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Supply and Demand of Accounting Grads

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  • Feb 16th, 2020 7:11 pm
[OP]
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Jan 22, 2020
7 posts
16 upvotes

Supply and Demand of Accounting Grads

I have been reading a lot about this 'CPA' merger on different forums and Reddit posts and yes it is really unfortunate that this merger killed the charm of 'Chartered Accountancy (CA)'. I have seen a lot of people posting on forums that they are studying for CPA or even some are qualified but they are still jobless and can't find relevant high paying employment. It's all about supply and demand. Before this merger, CA was highly respected and prestigious.

You finish your university with really good grades and you compete for a training position with top firms and you pass all entrance and evaluation exams to secure the position then they pay for your fees and after three years of training and passing all exams, you are a fully qualified Chartered Accountant. Damn! it is worth the grind because everyone looks at you like you are some kind of a money-making machine and a hotshot. Supply and Demand matters because only some candidates can make it through because of limited audit article training positions, requirement top university grades, and passing CA exams in the first attempt. They kick you out of the firm if you fail your exams more than two times.

But now after this merger, all those CGA candidates who never started university and CMA candidates who know nothing about Assurance and Corporate reporting have this 'CPA' designation. I have even heard that exams of this new 'CPA' program are much easier than legacy 'CA' program. On top of that, you don't need to work for an Authorised training office or employer so they have really ruined the designation. Those people are lucky who still can write 'CPA, CA' on their resume and can show their public accounting experience. It is so hurtful that most of the job ads now ask for CPA (CA, CGA, CMA) and they offer shitty salaries.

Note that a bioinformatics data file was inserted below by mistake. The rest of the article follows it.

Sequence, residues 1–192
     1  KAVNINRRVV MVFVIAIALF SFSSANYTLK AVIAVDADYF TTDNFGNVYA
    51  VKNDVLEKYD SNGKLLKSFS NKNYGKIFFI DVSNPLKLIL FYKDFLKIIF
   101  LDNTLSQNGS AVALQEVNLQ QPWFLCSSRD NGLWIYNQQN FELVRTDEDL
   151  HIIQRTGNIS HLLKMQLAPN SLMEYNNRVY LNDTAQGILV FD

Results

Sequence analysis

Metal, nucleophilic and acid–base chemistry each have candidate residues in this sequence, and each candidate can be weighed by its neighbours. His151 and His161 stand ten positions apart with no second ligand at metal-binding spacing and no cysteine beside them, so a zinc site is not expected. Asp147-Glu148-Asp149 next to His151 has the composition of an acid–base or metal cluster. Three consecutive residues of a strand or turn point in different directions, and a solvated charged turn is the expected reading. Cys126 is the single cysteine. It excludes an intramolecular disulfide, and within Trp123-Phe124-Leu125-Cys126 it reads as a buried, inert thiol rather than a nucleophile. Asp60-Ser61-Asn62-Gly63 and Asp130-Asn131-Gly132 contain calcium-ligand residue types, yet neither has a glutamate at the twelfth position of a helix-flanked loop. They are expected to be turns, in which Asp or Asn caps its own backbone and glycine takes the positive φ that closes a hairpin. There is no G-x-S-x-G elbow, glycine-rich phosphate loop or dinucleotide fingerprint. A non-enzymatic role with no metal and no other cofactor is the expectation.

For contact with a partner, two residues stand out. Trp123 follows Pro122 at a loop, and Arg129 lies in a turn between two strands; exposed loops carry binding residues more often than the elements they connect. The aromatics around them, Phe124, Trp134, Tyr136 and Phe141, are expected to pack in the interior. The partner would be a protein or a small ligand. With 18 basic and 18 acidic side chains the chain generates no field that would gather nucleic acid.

Last edited by hexaaa on Jan 27th, 2020 8:53 am, edited 2 times in total.
Freely they stood who stood, and fell who fell.
45 replies
Newbie
Nov 5, 2019
60 posts
34 upvotes
Thanks for the info-share, OP. You are right about the general sentiments and disgruntlement. Times have definitely changed - the econimc situations is degrading for the employees, while employers are getting much more spoiled, selfish and greedy than in the past (eg. 1950\s ~ 1970). They expects employees to pay first through their own pockets for their own education with outrageously expensive tuition fees . Mass layoffs/firings on the whim on the norm, managers care only about collecting bonuses via "cutting the staff budget", no regards to empathy / staff morale / retention / honest / integrity etc, they only care getting their hands on more money no matter who else might get abused. This phenomenon is not limited to only accounting field, but it is found commonly across all office environment white collar jobs in general - plenty of proofs (news stories and personal anecdotes ) to back it up too.

And very unfortunately, accounting is one of the fields that many executives / bosses thinks that can easily be automate away in software, or outsourced cheaply to consulting firms, instead of retaining as a full time staff. Short off a massive uprising, against rich corporate executives & government bureaucrats, conditions will not improve for workers anytime soon, so it is best to buckle up and prepare for the worst.
I hope you have some savings, don't be afraid of switching to other fields (like skill trades) ...etc. Best of luck out there.
Last edited by ander20t on Jan 24th, 2020 2:32 pm, edited 1 time in total.
Sr. Member
Feb 10, 2008
645 posts
293 upvotes
Toronto
I don't want to ruffle the feathers of all the accountants on this forum (my father was an accountant), but as a non-accountant, I see this as a good thing. All this CA, CPA, CGA, CMA stuff is confusing. Pick one... If I want to hire a bean counter, I shouldn't need to research 6 different designations to figure out what they do.